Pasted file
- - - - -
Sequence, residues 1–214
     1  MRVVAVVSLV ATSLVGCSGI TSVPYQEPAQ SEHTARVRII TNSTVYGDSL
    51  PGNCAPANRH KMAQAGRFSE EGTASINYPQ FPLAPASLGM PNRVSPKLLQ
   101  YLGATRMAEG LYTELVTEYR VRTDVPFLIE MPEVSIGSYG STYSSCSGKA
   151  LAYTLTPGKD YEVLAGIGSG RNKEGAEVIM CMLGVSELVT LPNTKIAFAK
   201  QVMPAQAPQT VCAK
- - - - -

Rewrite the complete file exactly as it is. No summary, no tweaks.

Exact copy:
Sequence, residues 1–214
     1  MRVVAVVSLV ATSLVGCSGI TSVPYQEPAQ SEHTARVRII TNSTVYGDSL
    51  PGNCAPANRH KMAQAGRFSE EGTASINYPQ FPLAPASLGM PNRVSPKLLQ
   101  YLGATRMAEG LYTELVTEYR VRTDVPFLIE MPEVSIGSYG STYSSCSGKA
   151  LAYTLTPGKD YEVLAGIGSG RNKEGAEVIM CMLGVSELVT LPNTKIAFAK
   201  QVMPAQAPQT VCAK